My Child is having diarrhea. Should I be worried?
No, not usually. Diarrhea is a process where the lining of the intestine has been compromised due to infection or inflammation. This inhibits absorption of many things across this barrier, most important of which is water. The result is looser, runnier stools.
Diarrhea will usually be the result of a brief viral infection that may or may not begin with symptoms such as fever, vomiting or a sore throat. In younger children a rash often accompanies or follows the onset of diarrhea. Although the initial symptoms may subside quickly, the diarrhea can linger for a week or two (or even longer) until the gut lining heals and absorption can again take place normally.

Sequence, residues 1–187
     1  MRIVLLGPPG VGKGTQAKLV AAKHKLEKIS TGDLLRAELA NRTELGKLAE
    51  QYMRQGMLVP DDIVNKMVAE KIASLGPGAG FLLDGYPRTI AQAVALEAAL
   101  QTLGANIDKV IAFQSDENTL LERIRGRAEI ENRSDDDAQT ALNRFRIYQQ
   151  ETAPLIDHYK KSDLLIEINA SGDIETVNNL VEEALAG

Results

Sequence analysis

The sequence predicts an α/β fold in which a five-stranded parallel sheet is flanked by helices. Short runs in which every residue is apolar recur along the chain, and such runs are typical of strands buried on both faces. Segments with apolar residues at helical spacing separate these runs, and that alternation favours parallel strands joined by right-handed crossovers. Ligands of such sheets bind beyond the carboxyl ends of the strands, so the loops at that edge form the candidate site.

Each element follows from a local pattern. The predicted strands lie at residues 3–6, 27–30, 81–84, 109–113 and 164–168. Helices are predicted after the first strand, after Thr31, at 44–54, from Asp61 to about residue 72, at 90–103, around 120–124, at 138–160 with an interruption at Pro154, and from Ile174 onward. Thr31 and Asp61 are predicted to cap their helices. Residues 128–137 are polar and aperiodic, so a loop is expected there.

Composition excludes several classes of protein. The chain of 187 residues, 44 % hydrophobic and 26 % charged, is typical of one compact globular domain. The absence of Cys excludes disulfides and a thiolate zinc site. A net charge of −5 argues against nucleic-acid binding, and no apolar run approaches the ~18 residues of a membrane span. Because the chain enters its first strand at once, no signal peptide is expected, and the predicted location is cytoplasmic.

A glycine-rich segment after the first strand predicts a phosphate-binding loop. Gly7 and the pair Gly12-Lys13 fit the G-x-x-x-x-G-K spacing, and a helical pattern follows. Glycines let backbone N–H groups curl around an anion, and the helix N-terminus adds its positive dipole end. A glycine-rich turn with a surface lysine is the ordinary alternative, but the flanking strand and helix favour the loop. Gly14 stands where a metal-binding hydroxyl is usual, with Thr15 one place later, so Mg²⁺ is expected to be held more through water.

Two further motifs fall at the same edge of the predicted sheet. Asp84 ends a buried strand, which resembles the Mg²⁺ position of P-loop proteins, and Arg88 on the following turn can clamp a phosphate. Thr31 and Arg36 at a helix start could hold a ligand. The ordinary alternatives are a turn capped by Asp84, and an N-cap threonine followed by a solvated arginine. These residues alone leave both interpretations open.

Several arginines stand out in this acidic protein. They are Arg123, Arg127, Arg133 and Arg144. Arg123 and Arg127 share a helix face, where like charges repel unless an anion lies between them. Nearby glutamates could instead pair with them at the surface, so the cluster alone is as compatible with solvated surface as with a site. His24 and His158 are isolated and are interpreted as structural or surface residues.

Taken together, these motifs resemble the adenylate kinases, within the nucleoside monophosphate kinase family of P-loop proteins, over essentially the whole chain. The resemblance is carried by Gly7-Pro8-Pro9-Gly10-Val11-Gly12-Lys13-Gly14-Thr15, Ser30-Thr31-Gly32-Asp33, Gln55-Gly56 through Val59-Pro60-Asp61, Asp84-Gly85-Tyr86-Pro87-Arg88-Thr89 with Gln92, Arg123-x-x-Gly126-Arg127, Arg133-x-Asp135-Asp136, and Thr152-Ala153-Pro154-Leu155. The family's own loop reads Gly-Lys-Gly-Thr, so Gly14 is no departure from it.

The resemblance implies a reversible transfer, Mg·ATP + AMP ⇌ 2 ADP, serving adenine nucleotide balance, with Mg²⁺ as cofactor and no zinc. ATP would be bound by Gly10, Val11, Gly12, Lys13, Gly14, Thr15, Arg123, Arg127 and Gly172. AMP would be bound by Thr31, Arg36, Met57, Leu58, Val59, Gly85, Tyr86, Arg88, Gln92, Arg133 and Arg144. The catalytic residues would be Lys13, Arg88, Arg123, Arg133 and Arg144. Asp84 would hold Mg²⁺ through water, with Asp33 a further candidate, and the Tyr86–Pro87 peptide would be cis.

When to notify the doctor:
- Diarrhea of any sorts more than 3 weeks
- Obvious red blood in the stool
- Globs of mucous, especially in someone over 6 months of age (often babies will secrete a fair amount of mucous in their stools, this is normal and expected)
- Diarrhea that has recurred on a fairly regular basis, especially when NOT accompanied by fever or vomiting
Will my child get dehydrated from diarrhea? Usually not as the volume loss is typically not enough. However, it is a good idea to try to replace the fluid losses through the gut with electrolyte solutions such as Gatorade Zero or Pedialyte.
Things to avoid when having diarrhea:
- Cow’s milk products – the body is relatively lactose intolerant until the gut lining heals
- High sugar products – sugar is a natural osmotic agent and will increase water loss through the gut
Always feel free to contact us if you are unsure about your child’s symptoms.